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A classic statement of why a company hires its first general counsel

Early this year, AmCOMP, Inc., an insurance holding company, announced that it had appointed George E. Harris as Senior Vice President and General Counsel, a new position for the Company. Commenting on the appointment, AmCOMP’s Chairman, President and Chief Executive Officer, said: “Having expanded our business … as well as completing our initial public offering of stock in 2006, it seemed the right time to create an internal legal department headed by the General Counsel position. We have known and worked with George for more than 20 years as he has represented the Company in numerous matters. Once we decided to form our internal legal department, the hiring selection was easy. George knows insurance law, AmCOMP’s business and our people. He will be able to seamlessly integrate into our corporate culture and provide the necessary legal guidance we require.”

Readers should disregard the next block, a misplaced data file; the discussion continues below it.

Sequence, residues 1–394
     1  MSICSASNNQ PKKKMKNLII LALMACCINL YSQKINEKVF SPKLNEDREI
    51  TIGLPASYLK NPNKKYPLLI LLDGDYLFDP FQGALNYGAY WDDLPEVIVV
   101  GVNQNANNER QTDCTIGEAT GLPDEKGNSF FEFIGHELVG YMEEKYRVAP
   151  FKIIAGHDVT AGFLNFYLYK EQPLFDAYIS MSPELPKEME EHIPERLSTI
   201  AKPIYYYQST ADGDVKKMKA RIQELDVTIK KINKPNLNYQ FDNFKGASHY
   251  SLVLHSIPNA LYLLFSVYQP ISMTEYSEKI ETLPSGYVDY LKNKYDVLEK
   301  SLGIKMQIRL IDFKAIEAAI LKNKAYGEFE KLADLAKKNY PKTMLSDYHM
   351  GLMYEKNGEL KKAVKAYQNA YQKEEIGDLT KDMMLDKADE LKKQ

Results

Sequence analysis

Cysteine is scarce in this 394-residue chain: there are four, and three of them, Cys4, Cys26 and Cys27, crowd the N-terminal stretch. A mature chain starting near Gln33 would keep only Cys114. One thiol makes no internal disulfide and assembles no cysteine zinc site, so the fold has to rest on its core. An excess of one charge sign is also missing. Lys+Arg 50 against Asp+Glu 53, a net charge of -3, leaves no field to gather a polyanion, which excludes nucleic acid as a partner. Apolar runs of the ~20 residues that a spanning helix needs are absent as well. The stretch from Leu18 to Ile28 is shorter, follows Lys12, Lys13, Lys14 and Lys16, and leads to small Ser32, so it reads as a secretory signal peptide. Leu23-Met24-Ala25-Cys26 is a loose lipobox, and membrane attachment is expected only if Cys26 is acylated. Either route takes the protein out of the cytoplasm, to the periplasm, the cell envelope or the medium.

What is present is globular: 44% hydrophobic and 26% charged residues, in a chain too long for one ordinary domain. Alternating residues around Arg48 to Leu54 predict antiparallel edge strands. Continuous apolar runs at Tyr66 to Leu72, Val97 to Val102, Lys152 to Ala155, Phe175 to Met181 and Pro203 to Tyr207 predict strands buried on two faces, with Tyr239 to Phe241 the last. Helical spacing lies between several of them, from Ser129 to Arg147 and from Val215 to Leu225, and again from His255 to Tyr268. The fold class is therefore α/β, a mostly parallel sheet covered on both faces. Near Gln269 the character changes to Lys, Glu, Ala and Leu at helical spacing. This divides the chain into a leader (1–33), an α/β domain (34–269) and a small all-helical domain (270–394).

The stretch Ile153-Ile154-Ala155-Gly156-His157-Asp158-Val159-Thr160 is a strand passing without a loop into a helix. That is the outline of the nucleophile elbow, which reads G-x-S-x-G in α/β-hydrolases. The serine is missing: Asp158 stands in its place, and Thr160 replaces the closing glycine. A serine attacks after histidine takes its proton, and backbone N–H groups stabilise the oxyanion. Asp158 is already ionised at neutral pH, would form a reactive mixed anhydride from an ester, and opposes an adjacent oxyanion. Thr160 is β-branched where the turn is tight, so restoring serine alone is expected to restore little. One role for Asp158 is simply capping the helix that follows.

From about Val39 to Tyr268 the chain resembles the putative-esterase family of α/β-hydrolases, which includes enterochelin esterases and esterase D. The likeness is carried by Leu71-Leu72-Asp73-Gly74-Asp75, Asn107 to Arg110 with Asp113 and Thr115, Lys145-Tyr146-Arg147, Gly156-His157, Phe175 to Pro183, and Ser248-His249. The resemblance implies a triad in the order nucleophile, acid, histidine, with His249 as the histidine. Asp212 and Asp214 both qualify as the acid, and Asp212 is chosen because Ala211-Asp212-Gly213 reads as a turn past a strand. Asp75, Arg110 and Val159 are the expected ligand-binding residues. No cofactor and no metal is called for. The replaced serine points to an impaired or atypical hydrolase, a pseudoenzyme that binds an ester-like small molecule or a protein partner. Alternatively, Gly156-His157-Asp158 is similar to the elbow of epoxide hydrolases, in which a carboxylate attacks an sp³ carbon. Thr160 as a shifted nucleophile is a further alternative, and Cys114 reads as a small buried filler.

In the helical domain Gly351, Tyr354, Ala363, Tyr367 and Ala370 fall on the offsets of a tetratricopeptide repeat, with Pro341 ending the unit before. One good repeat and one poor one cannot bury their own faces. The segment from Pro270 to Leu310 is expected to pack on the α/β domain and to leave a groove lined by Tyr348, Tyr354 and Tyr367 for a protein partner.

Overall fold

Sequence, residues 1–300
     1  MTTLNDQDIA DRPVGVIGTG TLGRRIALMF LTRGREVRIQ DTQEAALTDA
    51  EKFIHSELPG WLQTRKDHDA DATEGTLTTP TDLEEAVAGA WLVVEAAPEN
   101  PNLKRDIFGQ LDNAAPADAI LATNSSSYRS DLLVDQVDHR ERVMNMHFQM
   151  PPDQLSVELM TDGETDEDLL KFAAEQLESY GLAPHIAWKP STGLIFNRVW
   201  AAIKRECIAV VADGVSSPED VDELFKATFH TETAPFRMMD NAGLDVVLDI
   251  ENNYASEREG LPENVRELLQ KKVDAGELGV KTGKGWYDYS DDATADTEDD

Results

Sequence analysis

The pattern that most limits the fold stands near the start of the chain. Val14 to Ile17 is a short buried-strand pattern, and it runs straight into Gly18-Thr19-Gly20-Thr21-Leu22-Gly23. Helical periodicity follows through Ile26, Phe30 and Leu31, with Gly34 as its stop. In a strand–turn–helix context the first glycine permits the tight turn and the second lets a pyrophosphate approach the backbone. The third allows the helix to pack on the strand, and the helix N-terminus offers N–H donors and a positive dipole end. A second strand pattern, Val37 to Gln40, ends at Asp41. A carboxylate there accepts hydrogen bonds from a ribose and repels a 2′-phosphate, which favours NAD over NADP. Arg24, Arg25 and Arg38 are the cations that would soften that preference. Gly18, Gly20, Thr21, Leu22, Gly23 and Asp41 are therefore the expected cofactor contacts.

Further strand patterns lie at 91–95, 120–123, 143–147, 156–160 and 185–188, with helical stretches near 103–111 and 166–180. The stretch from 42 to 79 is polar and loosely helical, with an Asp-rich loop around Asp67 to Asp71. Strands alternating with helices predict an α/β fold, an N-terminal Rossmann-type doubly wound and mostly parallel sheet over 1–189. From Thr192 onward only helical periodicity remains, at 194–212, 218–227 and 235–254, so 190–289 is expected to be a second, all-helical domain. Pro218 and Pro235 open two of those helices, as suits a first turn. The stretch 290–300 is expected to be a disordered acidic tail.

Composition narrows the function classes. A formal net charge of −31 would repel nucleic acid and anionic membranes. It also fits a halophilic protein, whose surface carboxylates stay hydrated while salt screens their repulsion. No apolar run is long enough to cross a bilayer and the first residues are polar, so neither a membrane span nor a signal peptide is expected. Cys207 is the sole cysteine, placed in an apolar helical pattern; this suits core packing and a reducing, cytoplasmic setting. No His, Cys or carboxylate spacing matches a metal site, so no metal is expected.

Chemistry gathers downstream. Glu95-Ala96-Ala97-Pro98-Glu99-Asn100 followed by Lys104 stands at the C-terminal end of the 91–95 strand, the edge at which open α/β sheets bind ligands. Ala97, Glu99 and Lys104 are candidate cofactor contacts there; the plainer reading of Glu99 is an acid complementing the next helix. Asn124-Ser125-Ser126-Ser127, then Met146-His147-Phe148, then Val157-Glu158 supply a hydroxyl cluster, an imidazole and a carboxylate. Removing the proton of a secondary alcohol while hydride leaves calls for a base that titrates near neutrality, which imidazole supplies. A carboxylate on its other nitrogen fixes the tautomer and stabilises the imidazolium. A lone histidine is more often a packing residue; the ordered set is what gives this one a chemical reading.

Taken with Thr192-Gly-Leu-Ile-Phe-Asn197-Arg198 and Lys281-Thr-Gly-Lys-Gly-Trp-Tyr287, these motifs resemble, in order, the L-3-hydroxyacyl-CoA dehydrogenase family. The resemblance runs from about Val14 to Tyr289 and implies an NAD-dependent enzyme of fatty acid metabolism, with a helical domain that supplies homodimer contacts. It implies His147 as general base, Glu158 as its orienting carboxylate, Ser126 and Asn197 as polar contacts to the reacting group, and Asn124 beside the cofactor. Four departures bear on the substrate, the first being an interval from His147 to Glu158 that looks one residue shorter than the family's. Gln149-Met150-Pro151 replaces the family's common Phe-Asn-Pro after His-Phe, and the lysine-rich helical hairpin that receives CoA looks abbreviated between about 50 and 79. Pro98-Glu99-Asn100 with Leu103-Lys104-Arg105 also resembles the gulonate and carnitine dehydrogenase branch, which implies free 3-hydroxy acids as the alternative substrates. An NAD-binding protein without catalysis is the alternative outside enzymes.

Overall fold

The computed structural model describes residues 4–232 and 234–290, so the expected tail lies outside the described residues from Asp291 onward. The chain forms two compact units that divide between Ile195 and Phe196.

In one paragraph you have all the elements that lead companies to hire their first lawyer, whether or not that pioneer gets the general counsel title. Those drivers include business growth, increased legal complexity, rising external legal costs, familiarity with a lawyer at a firm, and recognition that an employee lawyer combines substantive knowledge and institutional familiarity.

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